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Coosa Nation of North America USA ex rel. Tate v. Wells Fargo Bank N.A.

United States District Court, M.D. Georgia, Macon Division

January 7, 2019

COOSA NATION OF NORTH AMERICA USA ex rel. DR. MONIQUE Y. TATE a/k/a SAHANI UGIDAHLI or Principal Chieftess BLUE FEATHER, MICHAEL F. TATE a/k/a Pine Chief EAGLE EYES, and LAMAR PERRYMAN a/k/a CATE HONVNWV or Principal Chief RED MAN, individually and in their official capacities and on behalf of all others who are similarly situated as members and citizens of the Coosa Nation of North America USA, Plaintiffs,
v.
WELLS FARGO BANK N.A.; PHELAN HALLINAN DIAMOND & JONES LLLP; BUTTS COUNTY, GEORGIA; and the STATE OF GEORGIA, Defendants.

         ORDER GRANTING PLAINTIFF'S MOTION TO PROCEED IN FORMA PAUPERIS AND GRANTING DEFENDANT WELLS FARGO'S MOTION TO REMAND

          TILMAN E. SELF, III, JUDGE

         This case is before the Court on Defendant's Motion to Proceed in Forma Pauperis [Doc. 2], Defendant's Motion for Temporary Injunction [Doc. 3] (which the Court construes as a motion for temporary restraining order), and Plaintiff's Motion to Remand [Doc. 5].

         FACTUAL BACKGROUND

         The procedural posture of this case is somewhat confusing, given the captions Defendants have placed on their pleadings and the state-court proceedings that preceded this action. From what the Court can decipher (after considerable effort), Wells Fargo Bank, N.A. (“Wells Fargo”) sought and obtained a writ of possession against Defendants “Monique Y. Tate, Michael F. Tate, and all others residing at 124 Sauders St., Flovilla, Georgia 30216” in the Magistrate Court of Butts County, Georgia on September 25, 2018. [Doc. 1-2; Doc. 5-4]. Defendants appealed the magistrate court's judgment to the Superior Court of Butts County, Georgia, and the superior court affirmed the judgment on December 20, 2018. [Doc. 1-2]. In doing so, the superior court explained, “Following the Defendants' appeal, Plaintiff moved for summary judgment on its claim for a writ of possession. The Court noticed the parties for a hearing on December 19, 2018. Counsel for Plaintiff appeared. Defendants did not.” [Id. at p. 2]. Defendants were ordered to vacate the premises at 124 Saunders St. (the “Premises”) immediately upon entry of the superior court's order. There is no evidence that the Defendants appealed the superior court's decision to the Georgia Court of Appeals.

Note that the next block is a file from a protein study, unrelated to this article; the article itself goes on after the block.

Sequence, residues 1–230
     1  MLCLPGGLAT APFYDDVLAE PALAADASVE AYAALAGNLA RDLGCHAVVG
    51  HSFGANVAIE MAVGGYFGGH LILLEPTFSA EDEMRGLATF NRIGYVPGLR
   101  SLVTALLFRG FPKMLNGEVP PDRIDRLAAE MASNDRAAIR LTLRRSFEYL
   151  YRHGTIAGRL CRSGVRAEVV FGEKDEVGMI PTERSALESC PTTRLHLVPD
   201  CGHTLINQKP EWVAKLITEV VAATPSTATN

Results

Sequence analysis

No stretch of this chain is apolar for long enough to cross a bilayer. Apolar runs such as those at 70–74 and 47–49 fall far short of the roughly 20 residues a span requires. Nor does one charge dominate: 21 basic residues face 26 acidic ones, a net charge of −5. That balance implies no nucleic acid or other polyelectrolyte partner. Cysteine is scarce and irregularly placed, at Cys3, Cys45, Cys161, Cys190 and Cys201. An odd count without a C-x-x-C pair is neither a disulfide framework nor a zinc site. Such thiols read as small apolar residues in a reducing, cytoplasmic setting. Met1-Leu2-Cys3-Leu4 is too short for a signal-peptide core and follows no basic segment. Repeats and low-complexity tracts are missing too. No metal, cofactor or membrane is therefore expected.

On December 26, 2018, six days after the superior court entered its order, Defendants “removed” the case to this Court. [Doc. 1]. The caption of the removed case lists “Coosa Nation of North America (USA), ” who is removing this case on behalf of the original defendants, and “Lamar Perryman (Officially known as Cate Honvnwv or Principal Chief Red Man), ” neither of whom were parties to the original action. [Id.]. All of these parties are collectively referred to as “Defendants/Counter-Plaintiffs.” [Id.]. The caption also includes Phelan Hallinan Diamond & Jones, LLLP; Butts County, Georgia; and the State of Georgia as “Plaintiffs/Counter-Defendants” alongside Wells Fargo. [Id.]. Aside from Wells Fargo, none of these “Plaintiffs/Counter-Defendants” were parties to the original action.[1] In their Notice of Removal, the “Defendants/Counter-Plaintiffs” contend that Wells Fargo engaged in predatory lending, mortgage fraud, and insurance fraud, and essentially took payments from Monique Y. Tate but later told her the payments could not be accounted for. See generally [Doc. 1].

         The “Defendants/Counter-Plaintiffs” now move to proceed in forma pauperis (“IFP”) and move for a temporary restraining order to presumably stay their eviction from the Premises. Wells Fargo also moves to remand this case for lack of subject-matter jurisdiction.